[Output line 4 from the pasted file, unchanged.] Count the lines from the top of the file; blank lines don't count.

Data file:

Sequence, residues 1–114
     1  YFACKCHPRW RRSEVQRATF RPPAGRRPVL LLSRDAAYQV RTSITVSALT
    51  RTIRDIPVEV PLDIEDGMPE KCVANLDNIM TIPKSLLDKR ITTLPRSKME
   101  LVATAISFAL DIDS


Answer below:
   101  LVATAISFAL DIDS